Farmers bear brunt of rising port cost

Rising port costs being passed back to the farmer

STEVEDORING COSTS: There's growing alarm among exporters, processors and farmers about the rising cost of loading containers onto ships at the Port of Melbourne.

STEVEDORING COSTS: There's growing alarm among exporters, processors and farmers about the rising cost of loading containers onto ships at the Port of Melbourne.


Port charges "devastating" impact on exporters and importers.


Peak exporting bodies say Victorian farmers are bearing the brunt of continued, sharp increases in charges, levied by Port of Melbourne stevedores.

In one case, stevedoring charges have risen by more than $135 a container, or 3977 per cent, since 2014.

In April, peak body the Freight Trade Alliance and the Australian Peak Shippers Association raised questions about the rising cost of terminal access charges (TACs) with the Productivity Commission.

"The bottom line is that vulnerable Australian supply chain participants are currently paying an additional $500 million a year direct to stevedores and empty container parks," FTA/APSA director Paul Zalai said.

"These rapidly increasing costs are having a particularly devastating impacts on exporters and importers, with downstream crippling financial impacts on manufacturers, farmers and regional communities."

Mr Zalai said the extra cost could be adding up to $28 a tonne to grain exports.

"For a lot of the grain products we are talking about, the profit margin sits somewhere between $10 and $60 a tonne," Mr Zalai said.

The FTA/APSA provides trade and logistics advocacy for cotton, wool, dairy and meat exporters, as well as the Tasmanian Logistics Committee.

"A transport operator has no option - it's a ransom model, where they have to pay this fee to get access to the port," Mr Zalai said.

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"We understand stevedores have costs and need to be profitable, our argument all along is they should passing any cost to their commercial client, the shipping line."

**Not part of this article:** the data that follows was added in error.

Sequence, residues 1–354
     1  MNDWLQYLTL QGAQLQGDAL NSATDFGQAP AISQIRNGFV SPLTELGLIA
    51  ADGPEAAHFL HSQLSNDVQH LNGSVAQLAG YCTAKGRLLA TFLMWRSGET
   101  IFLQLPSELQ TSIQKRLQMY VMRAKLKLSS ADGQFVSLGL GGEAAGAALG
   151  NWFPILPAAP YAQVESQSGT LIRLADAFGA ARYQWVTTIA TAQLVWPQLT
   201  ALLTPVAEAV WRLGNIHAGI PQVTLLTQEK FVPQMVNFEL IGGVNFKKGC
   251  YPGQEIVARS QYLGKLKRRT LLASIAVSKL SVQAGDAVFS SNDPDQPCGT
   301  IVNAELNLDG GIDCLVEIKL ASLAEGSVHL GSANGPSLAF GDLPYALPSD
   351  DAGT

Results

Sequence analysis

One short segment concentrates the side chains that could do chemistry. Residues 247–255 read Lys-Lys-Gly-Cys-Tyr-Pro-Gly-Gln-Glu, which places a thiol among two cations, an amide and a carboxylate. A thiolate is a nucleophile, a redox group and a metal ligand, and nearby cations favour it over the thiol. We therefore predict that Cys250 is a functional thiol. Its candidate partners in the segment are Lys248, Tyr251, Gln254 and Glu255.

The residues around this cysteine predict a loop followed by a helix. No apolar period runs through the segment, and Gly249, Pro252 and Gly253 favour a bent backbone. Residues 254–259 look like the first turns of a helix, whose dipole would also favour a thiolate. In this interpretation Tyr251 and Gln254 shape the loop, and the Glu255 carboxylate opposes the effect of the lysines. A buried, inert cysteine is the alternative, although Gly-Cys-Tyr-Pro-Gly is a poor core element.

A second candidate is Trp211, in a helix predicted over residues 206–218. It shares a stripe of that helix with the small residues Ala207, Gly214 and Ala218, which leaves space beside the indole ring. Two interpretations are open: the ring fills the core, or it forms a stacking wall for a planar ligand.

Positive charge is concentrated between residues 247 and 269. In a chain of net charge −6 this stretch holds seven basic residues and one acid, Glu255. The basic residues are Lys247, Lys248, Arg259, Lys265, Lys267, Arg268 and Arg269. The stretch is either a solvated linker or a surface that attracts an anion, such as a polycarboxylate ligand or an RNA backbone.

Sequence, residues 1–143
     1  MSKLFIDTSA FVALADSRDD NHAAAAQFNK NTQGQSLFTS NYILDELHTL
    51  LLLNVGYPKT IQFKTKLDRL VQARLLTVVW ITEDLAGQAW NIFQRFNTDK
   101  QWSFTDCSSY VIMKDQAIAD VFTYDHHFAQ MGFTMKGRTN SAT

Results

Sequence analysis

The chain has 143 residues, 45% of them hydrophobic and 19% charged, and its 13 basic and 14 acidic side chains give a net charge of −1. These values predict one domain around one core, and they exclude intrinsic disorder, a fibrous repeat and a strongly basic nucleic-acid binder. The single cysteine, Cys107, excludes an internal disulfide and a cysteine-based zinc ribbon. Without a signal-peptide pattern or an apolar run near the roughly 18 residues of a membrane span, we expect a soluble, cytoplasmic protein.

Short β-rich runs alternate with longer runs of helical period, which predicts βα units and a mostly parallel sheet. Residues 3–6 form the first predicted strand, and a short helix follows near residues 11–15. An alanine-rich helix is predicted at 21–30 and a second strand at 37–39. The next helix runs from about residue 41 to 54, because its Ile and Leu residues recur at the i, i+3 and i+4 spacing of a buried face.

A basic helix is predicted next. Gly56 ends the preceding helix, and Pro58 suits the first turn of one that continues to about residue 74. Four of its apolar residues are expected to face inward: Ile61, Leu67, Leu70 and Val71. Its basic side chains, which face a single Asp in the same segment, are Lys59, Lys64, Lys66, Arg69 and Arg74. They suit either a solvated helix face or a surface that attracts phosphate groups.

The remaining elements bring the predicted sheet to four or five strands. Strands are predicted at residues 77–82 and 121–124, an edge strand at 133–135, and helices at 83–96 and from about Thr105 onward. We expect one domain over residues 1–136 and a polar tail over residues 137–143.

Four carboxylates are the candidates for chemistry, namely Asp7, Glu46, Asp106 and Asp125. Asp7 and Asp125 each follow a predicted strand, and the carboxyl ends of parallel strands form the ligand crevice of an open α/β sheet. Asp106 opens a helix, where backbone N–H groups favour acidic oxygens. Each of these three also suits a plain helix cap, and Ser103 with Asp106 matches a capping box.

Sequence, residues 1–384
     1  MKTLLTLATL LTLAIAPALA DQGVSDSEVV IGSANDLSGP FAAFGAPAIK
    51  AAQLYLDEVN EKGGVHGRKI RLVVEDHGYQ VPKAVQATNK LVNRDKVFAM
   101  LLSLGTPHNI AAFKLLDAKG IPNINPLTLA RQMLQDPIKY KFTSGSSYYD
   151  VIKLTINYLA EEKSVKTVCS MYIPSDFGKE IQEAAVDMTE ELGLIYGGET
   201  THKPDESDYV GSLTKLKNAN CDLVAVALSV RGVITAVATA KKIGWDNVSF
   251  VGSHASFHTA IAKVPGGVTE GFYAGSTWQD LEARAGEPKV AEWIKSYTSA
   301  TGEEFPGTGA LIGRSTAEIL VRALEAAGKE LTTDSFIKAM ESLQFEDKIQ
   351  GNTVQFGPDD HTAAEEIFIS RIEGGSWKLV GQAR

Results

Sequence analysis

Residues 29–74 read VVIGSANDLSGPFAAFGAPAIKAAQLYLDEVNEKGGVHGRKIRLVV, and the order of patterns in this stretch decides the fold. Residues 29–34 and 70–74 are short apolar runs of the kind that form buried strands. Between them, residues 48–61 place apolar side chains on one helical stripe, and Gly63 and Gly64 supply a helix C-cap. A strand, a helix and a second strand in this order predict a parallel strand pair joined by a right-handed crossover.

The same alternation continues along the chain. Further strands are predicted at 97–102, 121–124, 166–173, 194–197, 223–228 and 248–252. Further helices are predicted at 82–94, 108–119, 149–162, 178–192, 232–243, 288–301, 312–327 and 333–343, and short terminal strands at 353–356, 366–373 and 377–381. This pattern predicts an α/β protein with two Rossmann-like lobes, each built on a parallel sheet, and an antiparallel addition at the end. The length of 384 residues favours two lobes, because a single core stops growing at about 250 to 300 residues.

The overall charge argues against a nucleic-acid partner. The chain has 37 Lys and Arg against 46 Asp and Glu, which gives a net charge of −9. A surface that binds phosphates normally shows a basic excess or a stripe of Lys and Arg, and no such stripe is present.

Landside fees

Fees charged by PoM stevedores Patrick Terminals, DP World Australia and the Victoria International Container Terminal (VICT) can be broken down into two areas.

TACs are applied to trucks and trains for dropping off or picking up a laden container at the terminal.

Stevedores also charge additional fees for truck and train booking times (to collect or deliver containers) as well as associated penalties and charges associated with the landside interface.

Patrick has increased its TAC by 3877pc from $3.50 to $139.50 ($89.40 or 2457pc for exports) since March 2014; DP World by 3600pc to $139.20 ($84.90 or 2325pc for exports) since February 2015 and VICT by 173pc to $131.03 since September 2018.

DP World charges an electronic administration fee of $28.45 and $38 for manual entry.

VICT has also announced it will increase its infrastructure surcharge to $141.80 from July 1.

Container Transport Alliance Australia director Neil Chambers said the stevedores had realised they couldn't recover the revenue they needed from the shipping lines.

"So they have turned their attention to the landside, which is unregulated," Mr Chambers said.

"Therein lies the rub - they could put these fees up 1000 per cent tomorrow and there is no regulatory impediment to doing so."

He said the Australian Competition and Consumer Commission was clearly concerned the use of TACs meant stevedores were earning a growing proportion of their revenues from customers with limited ability to respond.

"We have said to both state and federal governments this is a matter for regulation," Mr Chapman said.

Stevedores' position

The ACCC said stevedores claimed the price increases were due to:

  • a stronger bargaining position of shipping lines, as a result of industry consolidation
  • sustained and significant increases in their property-related costs
  • the need to maintain adequate returns required to recover past investments and justify future ones

Victorian Transport Association chief executive Peter Anderson sheeted home the blame to the shipping companies.

"There is no competition, because of Part X of the Corporations Act allows shipping lines to cartel and manipulate the market," Mr Anderson said.

"They may not be particularly picking on Melbourne, or Victoria, but when they come to Australia they are able to divide the work up amongst themselves.

"The shipping lines are are continually screwing down the stevedores to get the lowest price."

A state government spokeswoman said in July last year Victoria introduced the Voluntary Pricing Protocol, to improve pricing transparency.

"The Port Pricing and Access Review urged Government to take a phased approach to monitoring port supply costs," the spokeswoman said.

"We continue to closely monitor the impacts of this protocol on landside charges and are working with stevedores and other stakeholders to achieve pricing transparency through a voluntary model.

"Should this voluntary model not achieve an improvement in pricing transparency regulation may be considered."

PoM stevedores have been contacted by Stock & Land for comment.


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